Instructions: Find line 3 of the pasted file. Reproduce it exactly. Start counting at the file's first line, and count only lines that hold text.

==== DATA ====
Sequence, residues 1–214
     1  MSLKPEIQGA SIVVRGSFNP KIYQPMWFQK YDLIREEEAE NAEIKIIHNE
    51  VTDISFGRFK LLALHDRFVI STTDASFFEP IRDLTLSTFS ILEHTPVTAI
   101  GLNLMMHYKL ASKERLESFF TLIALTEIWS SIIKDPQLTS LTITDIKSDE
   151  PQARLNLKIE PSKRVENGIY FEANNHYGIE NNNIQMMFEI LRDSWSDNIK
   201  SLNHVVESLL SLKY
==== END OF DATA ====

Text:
    51  VTDISFGRFK LLALHDRFVI STTDASFFEP IRDLTLSTFS ILEHTPVTAI